LARRY HENDRICKS Special at Daily Sun
One in five students at Coconino Community College is Native American.
Often times, Native American students who arrive at CCC are the first in their families to pursue a college education and may come from tough economic times as well. Hence, they might face some hurdles to get a college degree.
In an effort to increase Native American student success, completion rates, and a sense of belonging to the college community, CCC received a $ 2.1 million grant from the US Department of Education. Called the Native American-Serving Nontribal Institution (NASNTI) grant, the funds will be distributed over a five-year period.
“CCC values the sacred land on which we live and serve and the Indigenous peoples who have inhabited it for centuries,” said CCC Provost Nate Southerland. “One in five students at CCC is Native American, and we look forward to providing these students with culturally appropriate instruction, enhanced support and people-to-people skills to help them succeed in their studies. “
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According to a 2015 study from Northern Arizona University, the median household income in the Navajo Nation was $ 25,827, with 42% of tribal members falling below the federal poverty line. And when it comes to education, there is a continuing gap in high school completion and college attendance rates between Native Americans and other demographic groups in Coconino County. According to the American Community Survey 2019, 82% of Native Americans in the county have graduated from high school, compared to 98% of non-Hispanic whites. What’s more, the survey indicates that only 8% of Native Americans in the county have a bachelor’s degree or higher, while 55% of non-Hispanic whites do.
Finally, when Native American students enroll in CCC, they experience lower levels of achievement and graduation or certificates than non-Native students, especially in English and basic math classes.
Brian Francis, Senior Director of Academic and Career Guidance, who is leading the project, said, “It’s about strengthening the success of Indigenous students. Therefore, the project will honor the call to action by being named Strengthening Indigenous Student Success (SISS). “I’m really excited about this.”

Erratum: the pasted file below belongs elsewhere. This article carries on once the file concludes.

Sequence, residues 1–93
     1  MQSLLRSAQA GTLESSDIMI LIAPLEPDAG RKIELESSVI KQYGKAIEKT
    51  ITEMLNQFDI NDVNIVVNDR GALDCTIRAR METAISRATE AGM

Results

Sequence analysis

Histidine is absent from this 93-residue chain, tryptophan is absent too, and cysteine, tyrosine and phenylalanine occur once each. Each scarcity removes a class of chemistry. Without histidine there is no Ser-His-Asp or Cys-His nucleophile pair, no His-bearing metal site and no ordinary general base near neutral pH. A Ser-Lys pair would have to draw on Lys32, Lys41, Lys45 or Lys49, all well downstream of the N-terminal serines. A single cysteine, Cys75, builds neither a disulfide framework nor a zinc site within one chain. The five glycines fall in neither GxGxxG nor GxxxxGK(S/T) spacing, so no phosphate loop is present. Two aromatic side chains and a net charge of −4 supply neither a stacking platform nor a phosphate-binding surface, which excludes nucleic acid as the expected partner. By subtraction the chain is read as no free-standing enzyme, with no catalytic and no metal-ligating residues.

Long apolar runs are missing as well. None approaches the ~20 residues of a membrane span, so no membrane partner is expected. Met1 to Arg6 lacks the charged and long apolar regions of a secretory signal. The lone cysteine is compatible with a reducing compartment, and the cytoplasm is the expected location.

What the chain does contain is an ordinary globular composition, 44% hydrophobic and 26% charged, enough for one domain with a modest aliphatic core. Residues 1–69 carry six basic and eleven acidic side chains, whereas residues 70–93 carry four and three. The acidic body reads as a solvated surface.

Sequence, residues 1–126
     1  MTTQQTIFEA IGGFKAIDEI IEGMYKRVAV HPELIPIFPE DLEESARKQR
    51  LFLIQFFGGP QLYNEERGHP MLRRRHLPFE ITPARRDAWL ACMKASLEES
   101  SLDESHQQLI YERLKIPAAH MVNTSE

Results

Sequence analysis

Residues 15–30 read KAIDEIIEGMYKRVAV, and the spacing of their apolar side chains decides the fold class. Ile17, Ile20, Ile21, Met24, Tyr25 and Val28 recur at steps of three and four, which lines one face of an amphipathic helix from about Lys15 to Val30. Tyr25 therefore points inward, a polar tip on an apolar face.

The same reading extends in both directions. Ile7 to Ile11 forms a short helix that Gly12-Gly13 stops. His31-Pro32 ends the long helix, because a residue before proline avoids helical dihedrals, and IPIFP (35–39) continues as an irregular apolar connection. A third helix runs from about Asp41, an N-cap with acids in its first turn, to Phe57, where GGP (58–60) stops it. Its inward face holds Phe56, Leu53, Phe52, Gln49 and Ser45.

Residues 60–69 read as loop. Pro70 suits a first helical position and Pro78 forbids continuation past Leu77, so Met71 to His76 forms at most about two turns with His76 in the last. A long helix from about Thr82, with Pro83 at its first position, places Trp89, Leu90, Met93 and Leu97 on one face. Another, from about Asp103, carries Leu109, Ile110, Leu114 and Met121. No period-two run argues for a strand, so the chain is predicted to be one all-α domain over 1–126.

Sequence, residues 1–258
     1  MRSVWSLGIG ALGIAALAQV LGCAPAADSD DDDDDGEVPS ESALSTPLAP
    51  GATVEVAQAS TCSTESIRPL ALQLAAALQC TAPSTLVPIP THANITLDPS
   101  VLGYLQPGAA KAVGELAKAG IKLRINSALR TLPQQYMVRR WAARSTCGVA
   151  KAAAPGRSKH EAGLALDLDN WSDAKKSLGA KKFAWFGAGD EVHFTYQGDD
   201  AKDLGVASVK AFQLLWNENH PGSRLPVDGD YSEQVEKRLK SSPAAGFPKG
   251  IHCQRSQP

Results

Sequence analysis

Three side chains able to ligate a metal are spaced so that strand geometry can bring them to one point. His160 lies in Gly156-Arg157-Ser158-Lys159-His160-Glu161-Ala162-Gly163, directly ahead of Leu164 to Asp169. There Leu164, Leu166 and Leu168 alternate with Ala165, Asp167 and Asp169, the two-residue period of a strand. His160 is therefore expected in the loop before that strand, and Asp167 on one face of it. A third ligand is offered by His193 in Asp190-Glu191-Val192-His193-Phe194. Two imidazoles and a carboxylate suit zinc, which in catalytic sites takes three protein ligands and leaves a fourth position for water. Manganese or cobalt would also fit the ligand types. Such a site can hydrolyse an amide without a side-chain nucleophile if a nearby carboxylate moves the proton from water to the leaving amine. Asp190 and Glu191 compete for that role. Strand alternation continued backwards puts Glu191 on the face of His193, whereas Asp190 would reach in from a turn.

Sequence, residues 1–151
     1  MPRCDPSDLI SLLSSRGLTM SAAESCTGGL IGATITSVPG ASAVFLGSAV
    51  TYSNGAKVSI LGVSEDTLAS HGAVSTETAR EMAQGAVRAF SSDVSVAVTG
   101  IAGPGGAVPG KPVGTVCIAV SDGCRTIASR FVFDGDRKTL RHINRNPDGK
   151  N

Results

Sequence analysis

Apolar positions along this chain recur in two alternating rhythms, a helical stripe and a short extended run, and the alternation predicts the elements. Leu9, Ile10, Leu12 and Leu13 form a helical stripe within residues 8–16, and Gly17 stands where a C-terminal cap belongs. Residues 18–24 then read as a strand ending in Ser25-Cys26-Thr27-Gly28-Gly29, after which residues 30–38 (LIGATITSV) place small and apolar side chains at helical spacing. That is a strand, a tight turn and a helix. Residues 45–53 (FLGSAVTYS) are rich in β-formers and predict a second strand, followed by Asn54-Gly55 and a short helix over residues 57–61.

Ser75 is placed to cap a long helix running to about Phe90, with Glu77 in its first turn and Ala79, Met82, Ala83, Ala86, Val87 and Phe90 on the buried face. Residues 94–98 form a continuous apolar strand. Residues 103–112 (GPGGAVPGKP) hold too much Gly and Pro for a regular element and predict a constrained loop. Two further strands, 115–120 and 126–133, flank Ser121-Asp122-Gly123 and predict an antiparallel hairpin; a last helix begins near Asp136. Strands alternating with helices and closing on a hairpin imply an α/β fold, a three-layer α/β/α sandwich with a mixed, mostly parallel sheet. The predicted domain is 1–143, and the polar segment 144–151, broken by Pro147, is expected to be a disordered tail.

The project will start in January 2022.
Francis said that over the next five years, the project will focus on three goals: increasing the success rates of Native American students in core English and math courses; increase completion and transfer rates for Native American students; and strengthen the sense of belonging to the CCC among Native American students and their families.
The intention, Francis added, is to approach education from a Native American perspective by including the ideas of home, youth, teaching and extended family in the educational process.
The project will contain three main elements to achieve the objectives. The first is the creation of Native American Success Centers at the Lone Tree Campus in Flagstaff and the Page Center in Page. There will be a dedicated space at both locations specifically for Native American students. Each center will also have textbook and technology loan libraries for students.
“It creates a feeling of being home away from home,” Francis said, adding that every Native American success center will be staffed with counselors, peer mentors and tutors. “It’s a model of an extended family, like at home.
The project will also contain a Summer Bridge program, which will offer, at no cost to students, an eight-week experience for new Native American students – 40 in Flagstaff and 20 in Page. The bridging program will require students to take an English composition course in college and a college success skills course for a total of six credits. Tutors and peer mentors will help the students. Students will also work with advisors to create an academic roadmap. They will apply for financial aid, register for courses.
The third component will include a professional development component, which will provide, during the project period, 150 full-time and part-time teachers trained in culturally appropriate teaching methods. Teachers will integrate strategies and tools into their curriculum and teaching practices.
To complete the project, Francis said CCC would convene a Native American Advisory Council, made up of leaders from indigenous communities, elders of tribals and CCC staff to advise the president and provost during the project.
Francis has had experience with the NASNTI scholarship. Prior to joining the CCC, he worked at Fort Lewis College in Durango, Colorado, which had been a recipient of the scholarship and had a positive impact on the success rates of Native American students there.
Now, CCC has that chance.
“I feel like we planted the seed,” Francis said. “Now it has started to grow out of the ground and now is the time to start growing it. It will be for the native students, but I want everyone at the college to participate in the project, and I am delighted.
Larry Hendricks is the Senior Director of Public Relations and Marketing at Coconino Community College.